The pond owners are delighted to have frogs in their backyard habitat. They usually have fish which they have purchased but none of owners have intentionally put tadpoles or frogs in their water gardens. So where do all the frogs come from? Well, Toledo isn't called Frog Town for nothin'! Toledo is in Northwest Ohio, site of the Great Black Swamp. This is a glacially-caused wetland, which has been drained and mostly converted to farm land in the last 120 years. There are still some natural swamps, marshes and creeks, plus miles of man-made drainage ditches and hundreds of farm, recreational, and drainage ponds. These all provide habitat for frogs and nearly every backyard is within 1/2 mile of one of these. Those rainy days and nights help the frogs migrate through wet lawns. Also, frog eggs may have been deposited by birds which visit the water gardens or attached to plants which the home owner purchased and placed in their water garden. The only complaint I ever hear about the frogs is that it sometimes is too noisy to sleep with so many frogs calling on warm spring nights. Wouldn't you enjoy staying awake for that symphony? I bet water gardeners in drought-ridden States would.

Sunday, October 7, 2007

The Chicago Marathon was Hot!

If you haven't heard and have any interest in marathons, you will hear that today's 26.2 mile race in Chicago was one that broke many records, but they weren't time related. It was a record breaking scorcher of 87 degrees and high humidity. Runners were begging for water and walking as early as 5 miles into the race. I saw many leave the course in Lincoln Park to stand in line at a public drinking fountain, and others left the course for a few splashes to wet their heads at an ornamental fountain and they still had 21 miles to go. It was tough day for the 45,000 runners and not so easy either for the 1.5 million spectators on the sunny sidelines. I rode bicycle along most of the course but was stalled often due to the crowd and never connected with Livia, my daughter, until she was finished.
Livia crossed the finish line in 4 hours and 8 minutes, a very respectable time in the best of conditions, but she really wanted to break 4 hours. In the last mile of her run, she heard the police tell the runners to walk, that it was just a fun run. Livia couldn't understand why in hell they would call this run fun, and determined to complete it with the gumption she had given it the previous 25 miles, ignored their plea to walk. She didn't realize that the race had been canceled due to so many emergency calls and lack of water on the course. They diverted slower runners through a huge short-cut and Livia couldn't figure out why so many runners were coming in to the finish line from the opposite direction. It got very confusing; runners were collapsing left and right. One of Livia's friends who was watching the race near mile 21, caught a woman who collapsed in his arms and observed 4 others fall nearby. I honestly didn't see anybody collapse but I was near the front of the group where perhaps the runners were better trained and had access to more water to drink and pour over themselves. I stopped twice while riding my bicycle to help give water to runners which was hurriedly made available with hoses running out of local restaurants. The runners looked like they had been roaming the desert for days, and I couldn't believe that nearly every one of them thanked us.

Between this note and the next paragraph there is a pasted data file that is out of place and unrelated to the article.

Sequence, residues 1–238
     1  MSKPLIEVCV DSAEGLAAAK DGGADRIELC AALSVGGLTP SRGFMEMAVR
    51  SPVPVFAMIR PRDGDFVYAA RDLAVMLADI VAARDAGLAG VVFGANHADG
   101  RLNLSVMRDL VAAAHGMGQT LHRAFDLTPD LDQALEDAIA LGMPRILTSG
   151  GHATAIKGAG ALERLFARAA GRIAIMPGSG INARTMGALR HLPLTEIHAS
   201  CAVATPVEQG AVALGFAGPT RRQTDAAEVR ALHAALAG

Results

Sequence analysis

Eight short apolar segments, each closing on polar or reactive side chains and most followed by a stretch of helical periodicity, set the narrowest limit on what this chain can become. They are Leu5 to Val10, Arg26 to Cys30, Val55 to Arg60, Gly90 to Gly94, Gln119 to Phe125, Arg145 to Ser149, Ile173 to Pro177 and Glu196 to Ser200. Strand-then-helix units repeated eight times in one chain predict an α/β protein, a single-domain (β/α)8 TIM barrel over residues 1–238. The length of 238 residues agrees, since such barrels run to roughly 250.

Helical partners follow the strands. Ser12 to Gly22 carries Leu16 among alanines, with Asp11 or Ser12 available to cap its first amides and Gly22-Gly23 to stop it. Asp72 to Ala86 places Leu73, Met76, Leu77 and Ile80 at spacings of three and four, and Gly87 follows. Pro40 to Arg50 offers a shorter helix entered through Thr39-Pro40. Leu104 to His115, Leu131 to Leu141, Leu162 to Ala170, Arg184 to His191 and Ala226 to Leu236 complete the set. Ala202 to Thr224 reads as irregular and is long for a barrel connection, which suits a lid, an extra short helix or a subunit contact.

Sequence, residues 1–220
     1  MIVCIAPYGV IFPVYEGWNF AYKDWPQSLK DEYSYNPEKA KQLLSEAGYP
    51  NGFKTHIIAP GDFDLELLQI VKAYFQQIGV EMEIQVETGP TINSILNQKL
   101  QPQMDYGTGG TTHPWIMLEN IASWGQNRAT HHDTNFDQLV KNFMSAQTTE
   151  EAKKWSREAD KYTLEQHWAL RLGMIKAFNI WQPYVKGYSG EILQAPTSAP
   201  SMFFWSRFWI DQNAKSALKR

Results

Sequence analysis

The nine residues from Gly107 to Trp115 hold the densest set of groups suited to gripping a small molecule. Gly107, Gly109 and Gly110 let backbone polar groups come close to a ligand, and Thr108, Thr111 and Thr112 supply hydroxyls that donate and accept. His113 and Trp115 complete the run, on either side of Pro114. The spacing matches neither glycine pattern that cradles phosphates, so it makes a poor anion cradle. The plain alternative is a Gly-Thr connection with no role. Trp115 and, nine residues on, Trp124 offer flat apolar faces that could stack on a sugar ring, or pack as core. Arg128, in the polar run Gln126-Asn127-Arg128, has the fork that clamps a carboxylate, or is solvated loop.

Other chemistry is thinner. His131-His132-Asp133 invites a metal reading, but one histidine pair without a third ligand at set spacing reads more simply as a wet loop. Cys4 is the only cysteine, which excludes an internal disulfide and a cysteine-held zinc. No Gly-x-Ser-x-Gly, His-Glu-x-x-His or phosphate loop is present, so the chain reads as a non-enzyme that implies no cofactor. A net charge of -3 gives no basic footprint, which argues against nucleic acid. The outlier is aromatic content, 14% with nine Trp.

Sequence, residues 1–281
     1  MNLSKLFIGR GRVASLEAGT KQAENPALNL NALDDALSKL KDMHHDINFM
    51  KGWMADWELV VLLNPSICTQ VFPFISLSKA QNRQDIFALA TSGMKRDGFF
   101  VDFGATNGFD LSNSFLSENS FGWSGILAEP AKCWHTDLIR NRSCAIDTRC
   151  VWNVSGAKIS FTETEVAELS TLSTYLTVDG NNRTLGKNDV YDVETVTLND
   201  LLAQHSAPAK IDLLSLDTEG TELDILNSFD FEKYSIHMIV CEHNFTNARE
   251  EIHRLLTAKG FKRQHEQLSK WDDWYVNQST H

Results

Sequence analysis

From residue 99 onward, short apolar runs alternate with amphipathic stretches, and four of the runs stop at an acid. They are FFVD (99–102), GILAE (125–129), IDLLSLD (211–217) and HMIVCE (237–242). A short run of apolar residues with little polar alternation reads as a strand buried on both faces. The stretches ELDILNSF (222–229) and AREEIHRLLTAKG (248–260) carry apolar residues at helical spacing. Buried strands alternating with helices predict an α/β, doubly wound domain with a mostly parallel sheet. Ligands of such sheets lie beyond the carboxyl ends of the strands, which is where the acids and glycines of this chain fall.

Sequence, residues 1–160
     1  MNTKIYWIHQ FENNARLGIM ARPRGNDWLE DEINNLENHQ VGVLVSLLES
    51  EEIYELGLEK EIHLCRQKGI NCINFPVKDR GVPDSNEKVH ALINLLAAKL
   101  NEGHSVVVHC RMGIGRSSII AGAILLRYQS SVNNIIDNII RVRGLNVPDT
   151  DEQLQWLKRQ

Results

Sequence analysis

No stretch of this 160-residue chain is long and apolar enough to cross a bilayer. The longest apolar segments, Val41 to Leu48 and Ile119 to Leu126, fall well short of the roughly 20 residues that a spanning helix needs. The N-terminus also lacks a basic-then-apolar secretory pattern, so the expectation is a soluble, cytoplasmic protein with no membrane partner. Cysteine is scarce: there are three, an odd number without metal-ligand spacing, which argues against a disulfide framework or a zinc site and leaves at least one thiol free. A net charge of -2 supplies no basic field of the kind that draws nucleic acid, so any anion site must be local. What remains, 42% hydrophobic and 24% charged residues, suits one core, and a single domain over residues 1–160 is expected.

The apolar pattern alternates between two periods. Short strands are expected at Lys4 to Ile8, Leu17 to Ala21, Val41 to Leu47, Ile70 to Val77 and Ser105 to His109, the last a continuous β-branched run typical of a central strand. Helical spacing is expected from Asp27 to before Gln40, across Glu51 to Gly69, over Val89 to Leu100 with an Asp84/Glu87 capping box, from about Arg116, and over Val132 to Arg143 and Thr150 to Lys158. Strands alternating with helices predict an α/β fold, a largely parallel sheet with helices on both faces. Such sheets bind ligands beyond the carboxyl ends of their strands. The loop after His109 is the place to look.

I want to catch the news soon to get the details. All in all, I think it was a great event, with thousands of volunteers, cheering crowds, polite and friendly spectators, an unbelievable force of determined athletes, in a remarkable city along the shore of Lake Michigan. I hope the news doesn't mar my appreciation of this record-breaking marathon, a hot one for sure.

Wednesday, October 3, 2007

17 Mile Hike

What a day! Five women, ages 26 to 63, completed the 17 mile scout trail at Oak Openings Preserve Metropark near Toledo, and one woman walked 8 miles.
The pace was steady, but the rain was steadier. It was hard to talk over the rain sometimes, but there was a lot of conversation and laughter which helped the miles roll. The exception was the last 2 miles in which each of us seemed to be holding our whines about tired legs, wet bodies, and general weariness to ourselves. "If you can't say anything nice, don't say anything at all" prevailed.
The trees didn't offer much color on this first day of October, but we couldn't overlook the color of the fungus which Karolina posed next to.
We all finished strong, cheers and high-fives extended (and one low-dive from Patty!), completing early enough in the day (2:40 pm) and with enough energy to enjoy the afternoon at home in the SUN! Karolina (from Poland) and Jenny (from Ireland) were not planning on missing their Latin dance lesson in the evening. I'd say they were cramming a lot of culture into one day....spending 6 hours during the day walking 17 miles with a group of wild American women in the forests, floodplains, and prairies of the globally-rare Oak Openings region, and moving to a different rhythm in the evening dancing with Latino friends to the rumba, samba and salsa. Isn't life refreshing when we step out!
Congratulations (in order of descending age!) to Judy, Patty, Mary, Karolina, and Jenny.....I sure enjoyed spending the day with women who demonstrate Out is In! and Fitness is Fun!